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Back to School and Back to Basics... COVID Style

It is time for students everywhere to return to school, but like many things in this world, the ongoing coronavirus pandemic is affecting back to school as well. The Centers for Disease Control and Prevention have issued guidance. Preparing K-12 School Administrators for a Safe Return to School in Fall 2020, with valuable information for those with school-aged family members or anyone who works within the education system, including nurses, teachers, and administrators.

Best practices for healthcare organizations are similar to that of schools, with the necessity to communicate, educate, and reinforce personal protective behaviors to prevent the spread of COVID-19. In the spirit of back to school, let us get back to the basics of the infectious cycle and how to prevent the spread of infections, including COVID-19.

Understanding the Infectious Cycle

There are six links in the infection cycle which, begin when a pathogen, also called micro-organism enters the body and can cause disease or illness. The six links of the infectious cycle are:

  1. Infectious Agents - viruses, bacteria, pathogens, etc.
  2. Reservoirs - fomites, people, surfaces, etc.
  3. Portals of Exit -respiratory, gastrointestinal, skin, etc.
  4. Modes of Transmission -direct contact, indirect contact, droplet spread, etc.
  5. Portal of Entry -mucous membranes, broken skin, etc.
  6. Susceptible Host - an infected person to start the cycle again.

Breaking the Links

Several strategies can break the links of the infectious cycle. Many are things we have heard often throughout this pandemic, such as keeping hands and surfaces clean and disinfected, along with protecting ourselves and others with the use of masks and social distancing.

Hand Hygiene for Healthcare - According to the Centers for Disease Control and Prevention (CDC), practicing hand hygiene is a simple yet, effective way to prevent infections and the spread of germs.

  • Hand washing: To properly clean your hands, wet hands with water and apply the recommended amount of product to hands, rub hands together vigorously (be sure to do all the surfaces of hands and fingers) for 15-20 seconds. Rinse off hands with water, dry with a disposable towel, and use the towel to clean off the faucet.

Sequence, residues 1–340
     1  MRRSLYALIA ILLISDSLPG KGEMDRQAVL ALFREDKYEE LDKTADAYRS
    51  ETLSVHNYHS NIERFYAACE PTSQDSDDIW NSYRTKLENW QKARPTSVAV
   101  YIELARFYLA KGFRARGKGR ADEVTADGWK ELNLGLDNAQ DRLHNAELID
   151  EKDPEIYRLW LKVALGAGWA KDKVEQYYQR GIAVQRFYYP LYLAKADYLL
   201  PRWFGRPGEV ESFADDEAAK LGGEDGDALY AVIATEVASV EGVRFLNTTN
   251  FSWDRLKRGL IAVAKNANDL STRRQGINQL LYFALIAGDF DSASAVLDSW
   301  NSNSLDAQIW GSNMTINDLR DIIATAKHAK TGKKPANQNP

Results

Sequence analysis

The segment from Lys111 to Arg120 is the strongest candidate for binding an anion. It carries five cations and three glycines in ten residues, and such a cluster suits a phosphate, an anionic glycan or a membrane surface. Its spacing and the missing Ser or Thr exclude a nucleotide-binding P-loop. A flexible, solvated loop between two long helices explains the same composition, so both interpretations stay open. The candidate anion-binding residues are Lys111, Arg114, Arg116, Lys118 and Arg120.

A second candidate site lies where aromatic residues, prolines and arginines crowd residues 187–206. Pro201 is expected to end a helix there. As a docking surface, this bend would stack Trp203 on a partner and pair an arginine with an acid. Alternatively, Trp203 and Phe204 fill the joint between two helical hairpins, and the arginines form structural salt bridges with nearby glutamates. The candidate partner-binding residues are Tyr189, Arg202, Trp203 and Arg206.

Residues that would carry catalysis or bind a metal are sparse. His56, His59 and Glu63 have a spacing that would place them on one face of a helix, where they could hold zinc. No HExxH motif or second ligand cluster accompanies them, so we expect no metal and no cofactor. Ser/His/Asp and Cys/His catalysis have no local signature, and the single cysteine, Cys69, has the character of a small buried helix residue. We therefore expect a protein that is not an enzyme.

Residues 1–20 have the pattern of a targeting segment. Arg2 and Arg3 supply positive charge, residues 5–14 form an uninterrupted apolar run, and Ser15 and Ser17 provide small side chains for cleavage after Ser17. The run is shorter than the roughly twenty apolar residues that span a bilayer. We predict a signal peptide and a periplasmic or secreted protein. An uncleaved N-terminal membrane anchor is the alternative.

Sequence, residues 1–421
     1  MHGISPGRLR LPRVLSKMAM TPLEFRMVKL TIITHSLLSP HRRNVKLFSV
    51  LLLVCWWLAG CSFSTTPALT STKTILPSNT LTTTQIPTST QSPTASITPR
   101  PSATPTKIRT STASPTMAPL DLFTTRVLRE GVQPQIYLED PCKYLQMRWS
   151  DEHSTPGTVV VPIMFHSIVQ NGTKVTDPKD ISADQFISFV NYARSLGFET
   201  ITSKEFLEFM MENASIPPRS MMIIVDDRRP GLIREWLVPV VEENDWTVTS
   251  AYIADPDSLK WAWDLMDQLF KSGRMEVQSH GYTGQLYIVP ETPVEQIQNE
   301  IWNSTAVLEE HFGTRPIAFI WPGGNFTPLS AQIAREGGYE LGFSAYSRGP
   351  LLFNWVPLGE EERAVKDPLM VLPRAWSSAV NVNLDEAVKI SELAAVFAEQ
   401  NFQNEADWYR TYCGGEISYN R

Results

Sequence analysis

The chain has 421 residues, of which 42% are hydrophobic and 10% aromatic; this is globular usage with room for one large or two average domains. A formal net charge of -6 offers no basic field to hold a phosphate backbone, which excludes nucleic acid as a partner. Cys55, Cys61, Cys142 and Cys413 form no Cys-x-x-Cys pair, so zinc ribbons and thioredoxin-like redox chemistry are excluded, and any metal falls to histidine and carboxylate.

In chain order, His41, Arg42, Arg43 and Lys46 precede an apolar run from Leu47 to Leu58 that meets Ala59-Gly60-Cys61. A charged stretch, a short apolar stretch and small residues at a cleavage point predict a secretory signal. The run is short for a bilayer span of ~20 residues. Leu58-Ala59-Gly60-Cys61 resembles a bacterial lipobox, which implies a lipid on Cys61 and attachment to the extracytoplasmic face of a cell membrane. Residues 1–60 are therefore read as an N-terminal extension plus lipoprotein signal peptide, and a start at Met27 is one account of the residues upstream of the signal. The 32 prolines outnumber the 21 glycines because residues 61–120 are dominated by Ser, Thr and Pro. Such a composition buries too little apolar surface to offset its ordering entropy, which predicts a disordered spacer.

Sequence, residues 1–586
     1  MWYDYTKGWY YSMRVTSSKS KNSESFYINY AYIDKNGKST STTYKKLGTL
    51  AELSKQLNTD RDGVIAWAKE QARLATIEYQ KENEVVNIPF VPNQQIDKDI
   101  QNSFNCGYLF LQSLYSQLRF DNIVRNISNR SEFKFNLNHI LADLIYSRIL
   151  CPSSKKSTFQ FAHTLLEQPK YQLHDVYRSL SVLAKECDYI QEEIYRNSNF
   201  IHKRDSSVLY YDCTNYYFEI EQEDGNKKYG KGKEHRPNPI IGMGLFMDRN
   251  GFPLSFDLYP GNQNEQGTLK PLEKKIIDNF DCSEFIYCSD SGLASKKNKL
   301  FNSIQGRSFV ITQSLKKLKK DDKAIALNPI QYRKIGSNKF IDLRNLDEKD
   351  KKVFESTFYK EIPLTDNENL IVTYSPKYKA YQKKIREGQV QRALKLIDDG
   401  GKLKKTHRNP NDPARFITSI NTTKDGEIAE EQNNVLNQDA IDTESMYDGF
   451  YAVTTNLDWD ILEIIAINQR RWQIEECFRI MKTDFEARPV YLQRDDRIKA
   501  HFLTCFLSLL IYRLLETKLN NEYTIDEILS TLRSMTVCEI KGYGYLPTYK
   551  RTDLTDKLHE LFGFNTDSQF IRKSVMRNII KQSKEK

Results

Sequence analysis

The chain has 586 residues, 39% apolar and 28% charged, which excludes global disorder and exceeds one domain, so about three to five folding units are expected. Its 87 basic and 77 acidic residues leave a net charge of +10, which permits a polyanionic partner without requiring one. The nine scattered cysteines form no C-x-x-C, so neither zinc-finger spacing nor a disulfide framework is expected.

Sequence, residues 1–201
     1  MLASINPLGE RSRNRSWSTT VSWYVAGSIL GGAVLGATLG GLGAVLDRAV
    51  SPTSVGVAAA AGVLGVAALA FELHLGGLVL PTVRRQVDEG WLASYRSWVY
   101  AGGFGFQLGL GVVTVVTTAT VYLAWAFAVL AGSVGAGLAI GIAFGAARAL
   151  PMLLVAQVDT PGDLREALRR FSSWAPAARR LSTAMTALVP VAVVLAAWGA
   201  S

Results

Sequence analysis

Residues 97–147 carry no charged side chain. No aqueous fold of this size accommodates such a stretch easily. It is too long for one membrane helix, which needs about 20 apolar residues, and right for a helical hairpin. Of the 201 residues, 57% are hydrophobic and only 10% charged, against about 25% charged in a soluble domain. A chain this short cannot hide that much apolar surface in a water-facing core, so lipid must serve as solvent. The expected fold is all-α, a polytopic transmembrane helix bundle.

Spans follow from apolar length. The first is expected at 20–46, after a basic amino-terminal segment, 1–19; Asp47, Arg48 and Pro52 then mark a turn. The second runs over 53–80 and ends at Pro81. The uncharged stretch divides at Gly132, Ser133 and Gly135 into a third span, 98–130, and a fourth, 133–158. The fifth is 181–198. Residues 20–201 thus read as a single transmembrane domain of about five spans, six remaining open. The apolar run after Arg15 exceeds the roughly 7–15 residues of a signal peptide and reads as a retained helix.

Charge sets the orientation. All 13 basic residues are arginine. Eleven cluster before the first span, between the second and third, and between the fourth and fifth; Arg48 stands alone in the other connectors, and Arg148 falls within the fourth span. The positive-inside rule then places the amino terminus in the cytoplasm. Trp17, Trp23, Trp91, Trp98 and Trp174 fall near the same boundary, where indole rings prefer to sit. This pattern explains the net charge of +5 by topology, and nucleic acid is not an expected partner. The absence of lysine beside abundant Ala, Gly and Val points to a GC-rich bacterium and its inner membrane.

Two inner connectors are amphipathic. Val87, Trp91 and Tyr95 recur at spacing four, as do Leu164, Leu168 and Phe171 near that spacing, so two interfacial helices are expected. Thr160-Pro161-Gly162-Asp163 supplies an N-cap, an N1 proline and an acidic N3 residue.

• Hand sanitizer: At times, handwashing is not a readily available option; in these moments, hand sanitizer can be a great substitute. Hand sanitizer should be alcohol-based, ideally containing at least 60% ethanol. Recently, the U.S. Food & Drug Administration (FDA) released an alert of an updated list of unsafe hand sanitizer products.

Cleaning and Disinfecting - Routinely cleaning and disinfecting frequently touched objects and surfaces reduce the spread of infection transmission, including COVID-19. The CDC provides a how-to clean and disinfects surfaces for facilities, including how to safely and adequately clean electronics, soft surfaces, outdoor areas, and how to clean and disinfect our building or facility when someone is sick,

  • Cleaning: Wear disposable gloves to clean surfaces with soap and water first to reduce the number of germs, dirt, impurities on the surface, then use disinfectant to kill the germs.
  • Disinfecting: The CDC recommends using one of the following EPA-registered household disinfectants to kill COVID or surface safe diluted bleach. Always read and follow the directions on the label while wearing personal protective equipment (PPE), such as gloves, eye protection, masks, and gowns. While cleaning and disinfecting, be careful to ensure that there is safe ventilation.

Healthcare Compliance is your go-to resource for all things compliance, including all things COVID-related! Please check out our COVID Toolkit, and contact your compliance specialist (855.427.0427) to discuss adding our COVID-19 Toolkit to your existing compliance program. For additional information on the six links in the infection cycle, and how to break them, please consider adding training from our Infection Control Series, including courses on Infection Control, Infection Transmission, MRSA, Wound Cleansing, Healing, and Sepsis.

To find out what Healthcare Compliance can do for your organization's needs, please contact us today for a Free Consultation!